by Melissa Klein
As a financial planner and a mother of two special-needs children, Nadine Vogel has become an expert on financial planning for families with special needs.
Still, even with her planning background, when her first daughter, Gretchen, was born with a lifelong disability 12 years ago, Vogel needed help.
“When you have a child born with special needs, you can’t think beyond a day,” she said. “When you’re focusing on a day of decision-making related to doctors, therapies and surgeries, it’s hard to think beyond that.”
“I needed resources,” she recalled. “I contacted every organization, every nonprofit group, every government agency I could for information.”
Vogel’s experience was a turning point in her life and in her career. “I spent an enormous amount of time trying to find information,” she said. “I joined a support group, and I would bring what I found with me to meetings. People started coming to me for help.”
In 1998, Vogel went to her employer at Metropolitan Life, and pitched the idea for what would become MetDESK, the Division of Estate Planning for Special Kids at Metropolitan Life. Today, the division has 165 specialists operating in all 50 states.
Vogel, a vice president of marketing at MetLife, also founded Special Needs Advocate for Parents, a nonprofit advocacy group for families with special-needs children.
Part of the difficulty in planning is in getting parents to focus on what will happen to the child in the event of their deaths, and to take action.
“There are a lot of unknowns that you have to plan for, and you have to get the family to talk about them. All of us avoid having to talk about the really tough stuff,” said Cindy Conger, CPA, CFP, of the Arkansas Financial Group Inc., in Little Rock, Ark. “You have to be able to talk about who will take care of the special-needs child when the parents are not around. You have to have a lot of contingencies. If no one is available, where does that child go?”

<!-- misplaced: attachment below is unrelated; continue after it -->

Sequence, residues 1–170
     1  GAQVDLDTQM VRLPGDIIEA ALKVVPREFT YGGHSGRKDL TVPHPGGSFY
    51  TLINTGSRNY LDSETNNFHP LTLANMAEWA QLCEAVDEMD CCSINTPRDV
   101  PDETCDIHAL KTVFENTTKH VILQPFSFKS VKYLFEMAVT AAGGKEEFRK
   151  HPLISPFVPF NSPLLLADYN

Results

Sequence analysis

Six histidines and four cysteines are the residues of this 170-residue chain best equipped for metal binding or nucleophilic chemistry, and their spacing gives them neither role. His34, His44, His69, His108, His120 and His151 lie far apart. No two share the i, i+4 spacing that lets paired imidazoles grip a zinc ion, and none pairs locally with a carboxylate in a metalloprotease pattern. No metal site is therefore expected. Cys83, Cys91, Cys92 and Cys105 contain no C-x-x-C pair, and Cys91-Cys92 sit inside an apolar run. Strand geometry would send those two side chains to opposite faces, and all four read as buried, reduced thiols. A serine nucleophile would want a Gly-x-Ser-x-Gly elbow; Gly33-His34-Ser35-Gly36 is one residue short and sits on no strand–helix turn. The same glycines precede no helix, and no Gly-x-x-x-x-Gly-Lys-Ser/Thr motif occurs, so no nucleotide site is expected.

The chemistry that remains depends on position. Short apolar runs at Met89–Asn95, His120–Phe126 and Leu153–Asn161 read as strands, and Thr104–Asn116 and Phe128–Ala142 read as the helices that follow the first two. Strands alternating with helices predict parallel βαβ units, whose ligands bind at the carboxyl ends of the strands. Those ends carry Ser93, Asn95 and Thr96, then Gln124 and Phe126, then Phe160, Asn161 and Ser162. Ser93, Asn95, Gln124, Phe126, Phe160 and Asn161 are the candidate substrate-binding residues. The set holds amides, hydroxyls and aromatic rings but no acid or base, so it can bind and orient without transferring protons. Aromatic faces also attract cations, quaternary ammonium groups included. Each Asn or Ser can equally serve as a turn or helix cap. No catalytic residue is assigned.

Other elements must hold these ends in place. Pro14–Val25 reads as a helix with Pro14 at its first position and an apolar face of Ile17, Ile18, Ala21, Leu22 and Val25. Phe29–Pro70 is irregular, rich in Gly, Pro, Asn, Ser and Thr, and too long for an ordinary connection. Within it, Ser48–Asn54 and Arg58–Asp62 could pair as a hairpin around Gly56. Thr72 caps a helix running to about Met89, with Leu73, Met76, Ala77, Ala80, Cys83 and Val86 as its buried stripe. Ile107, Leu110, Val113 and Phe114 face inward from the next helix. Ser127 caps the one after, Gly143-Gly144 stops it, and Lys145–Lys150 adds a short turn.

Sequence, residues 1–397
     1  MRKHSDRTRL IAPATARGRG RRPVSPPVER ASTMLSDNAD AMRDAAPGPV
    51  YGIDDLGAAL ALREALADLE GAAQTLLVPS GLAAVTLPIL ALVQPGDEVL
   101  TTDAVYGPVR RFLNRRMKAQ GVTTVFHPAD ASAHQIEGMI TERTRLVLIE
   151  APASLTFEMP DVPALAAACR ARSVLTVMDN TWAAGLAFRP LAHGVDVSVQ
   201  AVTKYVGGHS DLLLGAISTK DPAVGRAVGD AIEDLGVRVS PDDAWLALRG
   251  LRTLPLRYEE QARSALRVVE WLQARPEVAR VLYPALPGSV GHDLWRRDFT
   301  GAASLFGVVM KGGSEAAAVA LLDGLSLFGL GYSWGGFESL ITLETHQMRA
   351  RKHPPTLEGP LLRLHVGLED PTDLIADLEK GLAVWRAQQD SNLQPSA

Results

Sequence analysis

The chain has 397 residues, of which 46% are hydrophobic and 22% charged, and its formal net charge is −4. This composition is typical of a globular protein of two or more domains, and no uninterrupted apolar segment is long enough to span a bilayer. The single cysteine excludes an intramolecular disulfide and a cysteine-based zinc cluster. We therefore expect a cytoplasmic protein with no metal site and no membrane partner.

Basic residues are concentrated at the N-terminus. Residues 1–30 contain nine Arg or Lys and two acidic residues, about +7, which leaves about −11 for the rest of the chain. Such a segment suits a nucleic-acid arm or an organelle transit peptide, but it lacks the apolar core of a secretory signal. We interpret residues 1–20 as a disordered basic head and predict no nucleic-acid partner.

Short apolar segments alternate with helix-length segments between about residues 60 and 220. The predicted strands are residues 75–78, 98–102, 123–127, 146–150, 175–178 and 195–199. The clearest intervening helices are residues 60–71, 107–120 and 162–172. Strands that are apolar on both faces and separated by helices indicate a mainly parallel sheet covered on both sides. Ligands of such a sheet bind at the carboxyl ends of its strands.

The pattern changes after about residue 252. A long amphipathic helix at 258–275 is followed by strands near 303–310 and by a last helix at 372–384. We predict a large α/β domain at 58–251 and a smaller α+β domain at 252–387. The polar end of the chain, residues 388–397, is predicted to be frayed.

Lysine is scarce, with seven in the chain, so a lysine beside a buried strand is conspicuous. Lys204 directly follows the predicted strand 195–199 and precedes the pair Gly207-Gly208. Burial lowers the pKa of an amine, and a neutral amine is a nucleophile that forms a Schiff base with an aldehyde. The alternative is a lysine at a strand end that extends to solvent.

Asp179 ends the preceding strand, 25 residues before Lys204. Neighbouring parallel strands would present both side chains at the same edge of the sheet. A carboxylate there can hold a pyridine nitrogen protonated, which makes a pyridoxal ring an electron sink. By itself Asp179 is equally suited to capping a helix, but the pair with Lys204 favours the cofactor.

“A child with special needs creates all kinds of family interactions and issues that are unusual to deal with,” agreed Kathleen Day, CFP, CFA and president of the Enrichment Group in Miami. Ten of Day’s 240 clients are families with special needs. Her firm brought a family counselor on staff about a year and a half ago. “We felt like we were getting into areas that were something we should not be doing without professional assistance,” she said.
“The parents’ concern is to take care of the needy child, but they don’t want their other kids to feel less important, so how it’s done is a big deal,” Day added. “We get the whole family together to discuss what the parents are trying to accomplish and we get input from the other children on what their role would be and how they would like it to happen.”
Government benefits eligibility is one of the biggest planning issues facing financial planners who work with families with special-needs children.
“Federal law says that if anyone leaves a special-needs child anything over $2,000, they lose their eligibility for most government benefits,” Vogel said. “Most parents don’t know that law exists, or they’re not sure of its implications, or they get scared and don’t do anything.”
For example, parents might name a child as the beneficiary of either a life insurance policy or their retirement plan. For a special-needs child, that can prove disastrous.
“It only takes one thing to undo your plan,” said Vogel. “You could have everything done perfectly - you’ve protected the child’s benefits, you have plenty of assets. Then Aunt Tilly buys a savings bond for the child. She’s just undone everything you’ve done. You need to make a list of anybody who could potentially want to leave your child something and say, ‘Here’s the way to do it.’”